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Chronic and transient poverty: Measurement and estimation, with evidence from China

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Author Info

  • Duclos, Jean-Yves
  • Araar, Abdelkrim
  • Giles, John

Abstract

The paper contributes to the measurement of poverty and vulnerability in three ways. First, it proposes a new approach to separating poverty into chronic and transient components. Second, it provides corrections for the statistical biases introduced when using a small number of periods to estimate the importance of vulnerability and transient poverty. Third, it applies these tools to the measurement of chronic and transient poverty in China using a rich panel data set that extends over 17Â years. Alternative measurement techniques are found to yield significantly different estimates of the relative importance of chronic and transient poverty. The precision of the estimates is also considerably enhanced by simple statistical corrections.

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Bibliographic Info

Article provided by Elsevier in its journal Journal of Development Economics.

Volume (Year): 91 (2010)
Issue (Month): 2 (March)
Pages: 266-277

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Handle: RePEc:eee:deveco:v:91:y:2010:i:2:p:266-277

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Web page: http://www.elsevier.com/locate/devec

Related research

Keywords: Poverty dynamics Transient poverty Chronic poverty Permanent poverty China;

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References

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Citations

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Cited by:
  1. Aaron Nicholas & Ranjan Ray & Kompal Sinha, 2013. "A Dynamic Multidimensional Measure of Poverty," Development Research Unit Working Paper Series 25-13, Monash University, Department of Economics.
  2. Gräb, Johannes & Grimm, Michael, 2006. "Robust Multiperiod Poverty Comparisons," Economics Papers from University Paris Dauphine 123456789/4330, Paris Dauphine University.
  3. Florent Bresson & Jean-Yves Duclos, 2012. "Intertemporal Poverty Comparisons," Cahiers de recherche 1240, CIRPEE.
  4. repec:ese:iserwp:2013-23 is not listed on IDEAS
  5. Katsushi S. Imai & Jing You, 2013. "Poverty Dynamics of Households in Rural China," Discussion Paper Series DP2013-16, Research Institute for Economics & Business Administration, Kobe University, revised Jun 2013.
  6. Katsushi S. Imai & Jing You, 2011. "Poverty Dynamics of Households in Rural China: Identifying Multiple Pathways for Poverty Transition," Discussion Paper Series DP2011-35, Research Institute for Economics & Business Administration, Kobe University.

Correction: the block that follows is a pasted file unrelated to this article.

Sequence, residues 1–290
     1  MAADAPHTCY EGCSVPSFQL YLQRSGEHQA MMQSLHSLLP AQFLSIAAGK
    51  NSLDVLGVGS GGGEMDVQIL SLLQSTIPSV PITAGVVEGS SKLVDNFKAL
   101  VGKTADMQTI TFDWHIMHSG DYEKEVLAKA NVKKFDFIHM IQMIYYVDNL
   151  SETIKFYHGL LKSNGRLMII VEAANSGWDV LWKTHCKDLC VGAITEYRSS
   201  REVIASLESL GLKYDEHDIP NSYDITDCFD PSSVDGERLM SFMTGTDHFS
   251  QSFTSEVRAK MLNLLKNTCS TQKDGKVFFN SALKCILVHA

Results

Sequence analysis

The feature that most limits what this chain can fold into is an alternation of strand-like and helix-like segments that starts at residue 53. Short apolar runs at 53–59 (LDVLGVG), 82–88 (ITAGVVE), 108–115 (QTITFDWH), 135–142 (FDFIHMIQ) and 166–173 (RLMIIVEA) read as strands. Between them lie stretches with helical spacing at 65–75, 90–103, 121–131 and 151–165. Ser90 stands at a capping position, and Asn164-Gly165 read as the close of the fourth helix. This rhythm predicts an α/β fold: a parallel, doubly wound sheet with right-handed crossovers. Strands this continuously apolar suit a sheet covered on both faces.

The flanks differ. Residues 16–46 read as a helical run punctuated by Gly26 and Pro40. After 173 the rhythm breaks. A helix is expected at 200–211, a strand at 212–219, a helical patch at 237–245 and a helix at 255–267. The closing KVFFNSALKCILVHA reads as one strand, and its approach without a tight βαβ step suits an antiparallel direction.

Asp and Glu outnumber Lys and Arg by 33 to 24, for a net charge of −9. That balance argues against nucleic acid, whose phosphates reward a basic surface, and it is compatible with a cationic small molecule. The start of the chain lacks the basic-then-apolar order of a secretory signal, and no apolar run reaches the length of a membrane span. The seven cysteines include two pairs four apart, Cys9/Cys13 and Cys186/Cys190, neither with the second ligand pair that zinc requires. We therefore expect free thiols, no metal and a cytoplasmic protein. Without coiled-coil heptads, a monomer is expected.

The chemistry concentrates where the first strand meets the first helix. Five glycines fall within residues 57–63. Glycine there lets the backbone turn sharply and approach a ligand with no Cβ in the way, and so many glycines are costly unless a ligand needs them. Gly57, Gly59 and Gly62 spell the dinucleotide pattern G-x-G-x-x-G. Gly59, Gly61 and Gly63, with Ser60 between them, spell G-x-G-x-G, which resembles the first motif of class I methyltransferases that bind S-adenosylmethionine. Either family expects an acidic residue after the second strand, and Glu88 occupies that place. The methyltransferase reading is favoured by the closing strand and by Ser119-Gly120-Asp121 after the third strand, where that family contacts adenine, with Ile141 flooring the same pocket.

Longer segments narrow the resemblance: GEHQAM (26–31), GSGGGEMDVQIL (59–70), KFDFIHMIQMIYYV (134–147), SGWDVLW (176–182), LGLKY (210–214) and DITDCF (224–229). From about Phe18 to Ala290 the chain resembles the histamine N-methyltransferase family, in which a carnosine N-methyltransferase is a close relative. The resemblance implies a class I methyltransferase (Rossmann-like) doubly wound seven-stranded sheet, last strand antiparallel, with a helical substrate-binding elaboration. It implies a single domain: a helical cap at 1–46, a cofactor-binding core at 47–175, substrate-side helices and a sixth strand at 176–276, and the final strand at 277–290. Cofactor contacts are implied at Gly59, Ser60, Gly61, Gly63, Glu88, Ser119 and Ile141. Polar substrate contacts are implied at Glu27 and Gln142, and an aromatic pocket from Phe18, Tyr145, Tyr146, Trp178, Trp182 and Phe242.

7. Glauben, Thomas & Herzfeld, Thomas & Rozelle, Scott & Wang, Xiaobing, 2012. "Persistent Poverty in Rural China: Where, Why, and How to Escape?," World Development, Elsevier, vol. 40(4), pages 784-795.
  8. Michael Hoy & Buhong Zheng, 2008. "Measuring Lifetime Poverty," Working Papers 0814, University of Guelph, Department of Economics and Finance.
  9. Echevin, Damien, 2011. "Characterizing poverty and vulnerability in rural Haiti: a multilevel decomposition approach," MPRA Paper 35659, University Library of Munich, Germany.
  10. Jäntti, Markus & Jenkins, Stephen P., 2013. "Income Mobility," IZA Discussion Papers 7730, Institute for the Study of Labor (IZA).
  11. John Strauss & Nayoung Lee & Geert Ridder, 2010. "Estimation of Poverty Transition Matrices with Noisy Data," Working Papers id:2796, eSocialSciences.
  12. Giles, John & Wang, Dewen & Zhao, Changbao, 2010. "Can China's rural elderly count on support from adult children ? implications of rural-to-urban migration," Policy Research Working Paper Series 5510, The World Bank.
  13. Giovanni Marano & Gianni Betti & Francesca Gagliardi, 2014. "Latent class Markov models for addressing measurement problems in poverty dynamics," Department of Economics University of Siena 695, Department of Economics, University of Siena.
  14. Bayudan-Dacuycuy, Connie & Lim, Joseph Anthony, 2013. "Family size, household shocks and chronic and transient poverty in the Philippines," Journal of Asian Economics, Elsevier, vol. 29(C), pages 101-112.

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